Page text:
Karim Debbache’s work is only available in French, but as I have already mentioned him, let me introduce him to you a little further.
Karim Debbache is an author for Le Joueur du grenier, a French video maker which is worth seeing if you know some French, but it is not this aspect of his work I want to present here. In his own name and with the help of his friends Jérémy Morvan and Gilles Stella, Karim Debbache realizes video columns on cinema. This work started on Jeuxvideo.com with the series entitled Crossed. In this series, he presents films that are linked to video games. Now, he realizes the Chroma series – for CHROnique cinéMA (cinema column), which also alludes to the Greek χρῶμα (Khrôma), meaning colour – which is a sequel of the previous one, except that it is not restricted only to films linked to video games. Both series are available on his Dailymotion homepage.
These columns have several interests. First, each one is an opportunity to propose some original perspective. More importantly, the three friends have some real knowledge on theory and practices for film making, considering its technical aspects as well as its cultural and aesthetic aspects. In their columns, they present in a quite educational way some of this knowledge, allowing viewers to casually build a cinematographic culture based on a consistent theory. Finally, the videos have a particularly good pace and are full of humour, which makes them entertaining and never boring.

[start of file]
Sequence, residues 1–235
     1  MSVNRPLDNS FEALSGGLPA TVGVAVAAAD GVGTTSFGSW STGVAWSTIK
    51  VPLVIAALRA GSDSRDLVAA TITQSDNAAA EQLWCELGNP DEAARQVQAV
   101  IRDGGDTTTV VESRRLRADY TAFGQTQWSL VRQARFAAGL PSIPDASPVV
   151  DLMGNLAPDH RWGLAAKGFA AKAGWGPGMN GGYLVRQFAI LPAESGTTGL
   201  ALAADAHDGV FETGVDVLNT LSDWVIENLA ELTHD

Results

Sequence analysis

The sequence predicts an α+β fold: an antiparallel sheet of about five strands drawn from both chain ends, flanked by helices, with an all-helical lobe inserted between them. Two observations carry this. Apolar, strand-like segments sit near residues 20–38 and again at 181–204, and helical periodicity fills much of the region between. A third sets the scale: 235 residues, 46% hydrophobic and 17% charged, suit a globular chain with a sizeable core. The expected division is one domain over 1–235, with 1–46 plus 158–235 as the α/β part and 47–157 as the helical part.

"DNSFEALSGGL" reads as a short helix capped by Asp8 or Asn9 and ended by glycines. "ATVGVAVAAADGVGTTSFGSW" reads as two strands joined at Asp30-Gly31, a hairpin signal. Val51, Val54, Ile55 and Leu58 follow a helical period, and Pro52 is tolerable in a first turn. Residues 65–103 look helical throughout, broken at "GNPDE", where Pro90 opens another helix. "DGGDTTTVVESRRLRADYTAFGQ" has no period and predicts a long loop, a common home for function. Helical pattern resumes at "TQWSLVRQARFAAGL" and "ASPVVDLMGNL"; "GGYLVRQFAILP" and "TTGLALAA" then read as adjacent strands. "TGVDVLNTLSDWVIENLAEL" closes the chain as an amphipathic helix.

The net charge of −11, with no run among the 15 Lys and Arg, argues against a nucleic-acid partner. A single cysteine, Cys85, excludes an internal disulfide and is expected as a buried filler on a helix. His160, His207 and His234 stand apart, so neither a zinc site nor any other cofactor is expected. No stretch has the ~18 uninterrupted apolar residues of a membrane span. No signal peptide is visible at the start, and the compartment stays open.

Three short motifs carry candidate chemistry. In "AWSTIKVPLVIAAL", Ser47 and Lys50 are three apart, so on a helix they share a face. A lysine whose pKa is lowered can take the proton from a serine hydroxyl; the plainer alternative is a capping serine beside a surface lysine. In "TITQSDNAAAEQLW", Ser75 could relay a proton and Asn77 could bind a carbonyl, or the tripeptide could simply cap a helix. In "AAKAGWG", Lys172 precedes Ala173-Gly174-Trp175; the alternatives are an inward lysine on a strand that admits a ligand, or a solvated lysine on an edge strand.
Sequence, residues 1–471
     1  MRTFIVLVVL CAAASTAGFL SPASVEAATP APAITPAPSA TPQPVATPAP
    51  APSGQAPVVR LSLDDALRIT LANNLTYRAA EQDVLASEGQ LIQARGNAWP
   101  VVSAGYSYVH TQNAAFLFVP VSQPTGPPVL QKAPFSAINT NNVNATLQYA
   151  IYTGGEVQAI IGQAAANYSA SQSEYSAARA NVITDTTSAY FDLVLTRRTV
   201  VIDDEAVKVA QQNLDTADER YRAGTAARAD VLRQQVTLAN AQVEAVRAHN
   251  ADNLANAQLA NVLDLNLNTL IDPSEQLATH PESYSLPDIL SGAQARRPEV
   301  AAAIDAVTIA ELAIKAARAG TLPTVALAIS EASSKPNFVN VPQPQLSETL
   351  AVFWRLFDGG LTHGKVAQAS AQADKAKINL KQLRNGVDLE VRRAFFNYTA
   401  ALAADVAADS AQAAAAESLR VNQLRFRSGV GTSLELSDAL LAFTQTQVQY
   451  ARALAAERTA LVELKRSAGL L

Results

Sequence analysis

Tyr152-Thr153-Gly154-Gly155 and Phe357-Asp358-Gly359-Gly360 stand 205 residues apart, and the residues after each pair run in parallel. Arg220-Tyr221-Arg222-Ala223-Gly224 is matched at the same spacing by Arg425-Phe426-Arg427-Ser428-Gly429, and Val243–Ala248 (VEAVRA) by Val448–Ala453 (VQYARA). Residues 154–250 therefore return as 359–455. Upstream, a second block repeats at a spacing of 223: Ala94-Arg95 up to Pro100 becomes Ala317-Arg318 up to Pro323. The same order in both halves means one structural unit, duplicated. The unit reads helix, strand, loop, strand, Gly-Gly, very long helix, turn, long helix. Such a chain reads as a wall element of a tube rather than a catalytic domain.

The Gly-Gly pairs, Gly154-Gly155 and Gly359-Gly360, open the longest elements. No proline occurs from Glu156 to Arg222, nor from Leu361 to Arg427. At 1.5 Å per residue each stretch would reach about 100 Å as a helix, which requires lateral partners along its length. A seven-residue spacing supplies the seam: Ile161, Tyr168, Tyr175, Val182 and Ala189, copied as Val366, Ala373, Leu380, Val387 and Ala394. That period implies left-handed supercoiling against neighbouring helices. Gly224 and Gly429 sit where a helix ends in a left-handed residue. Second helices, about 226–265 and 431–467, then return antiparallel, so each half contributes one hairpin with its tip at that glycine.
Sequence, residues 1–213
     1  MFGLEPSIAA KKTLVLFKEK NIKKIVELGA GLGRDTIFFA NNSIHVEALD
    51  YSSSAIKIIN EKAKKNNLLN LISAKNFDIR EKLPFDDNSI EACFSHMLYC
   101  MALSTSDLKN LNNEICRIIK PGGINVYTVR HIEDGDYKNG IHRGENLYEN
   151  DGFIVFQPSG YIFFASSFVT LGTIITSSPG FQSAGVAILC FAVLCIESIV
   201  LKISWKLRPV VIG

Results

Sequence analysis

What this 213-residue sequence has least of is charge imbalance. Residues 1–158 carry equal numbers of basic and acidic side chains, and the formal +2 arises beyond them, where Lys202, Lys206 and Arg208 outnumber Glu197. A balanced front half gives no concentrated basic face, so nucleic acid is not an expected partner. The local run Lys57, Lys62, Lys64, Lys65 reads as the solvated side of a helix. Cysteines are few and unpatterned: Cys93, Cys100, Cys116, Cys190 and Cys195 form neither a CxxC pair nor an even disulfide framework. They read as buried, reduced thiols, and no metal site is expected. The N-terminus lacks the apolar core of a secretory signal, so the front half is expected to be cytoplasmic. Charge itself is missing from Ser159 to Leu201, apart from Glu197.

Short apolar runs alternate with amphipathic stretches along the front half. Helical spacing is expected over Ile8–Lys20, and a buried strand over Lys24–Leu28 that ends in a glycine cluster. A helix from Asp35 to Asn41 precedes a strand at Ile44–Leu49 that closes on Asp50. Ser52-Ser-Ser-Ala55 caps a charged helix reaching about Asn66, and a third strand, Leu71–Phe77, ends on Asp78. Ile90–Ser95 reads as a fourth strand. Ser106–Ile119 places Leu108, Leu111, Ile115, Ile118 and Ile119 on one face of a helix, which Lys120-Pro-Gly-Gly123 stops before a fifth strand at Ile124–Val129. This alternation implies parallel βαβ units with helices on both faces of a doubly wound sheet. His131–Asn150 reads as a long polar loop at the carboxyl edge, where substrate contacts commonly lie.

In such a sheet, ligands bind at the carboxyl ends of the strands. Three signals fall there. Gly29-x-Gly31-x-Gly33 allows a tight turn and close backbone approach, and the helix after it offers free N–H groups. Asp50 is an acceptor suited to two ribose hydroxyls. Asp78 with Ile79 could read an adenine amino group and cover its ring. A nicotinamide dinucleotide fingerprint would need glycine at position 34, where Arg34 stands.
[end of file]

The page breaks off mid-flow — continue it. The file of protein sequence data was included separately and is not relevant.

Of course, there are some flaws. The most important one being that in each column they make a fairly complete summary of the film being reviewed. The first problem with this is that, to avoid revealing the end of the film to those who have not seen it, you are regularly encouraged to skip some part of the video. Though this has been the occasion for some particularly amusing gags, such as Le Twist des twists (The Twist of twists), it leads to the paradox of a portion of the video that is not addressed to the persons who should be those who would find the most interest on it, since those who have already seen the film does not need its end to be tell … Moreover, it tends to encourage you to consult the columns only after seeing the films, while it gives some clues and keys that may be interesting when viewing the films. In addition, the summary takes an important part of the chronic, at the expense to the analysis part (especially in Crossed), while it constitutes the main interest on the column. Of course, it is often difficult to present an analysis without giving some details of the plot, but usually there is no need to reveal the entire story in order to give a pertinent analysis.
This small limit should not mislead you: Karim Debbache’s video columns are really among the best that is done in this area, both considering the interest and the care taken to the form. They constitute, except for the pace, one of my references for my series A Vue from the attic – which quality is, I must admit, at least for the moment lesser. If you know some French, I therefore strongly recommend you take interest to them.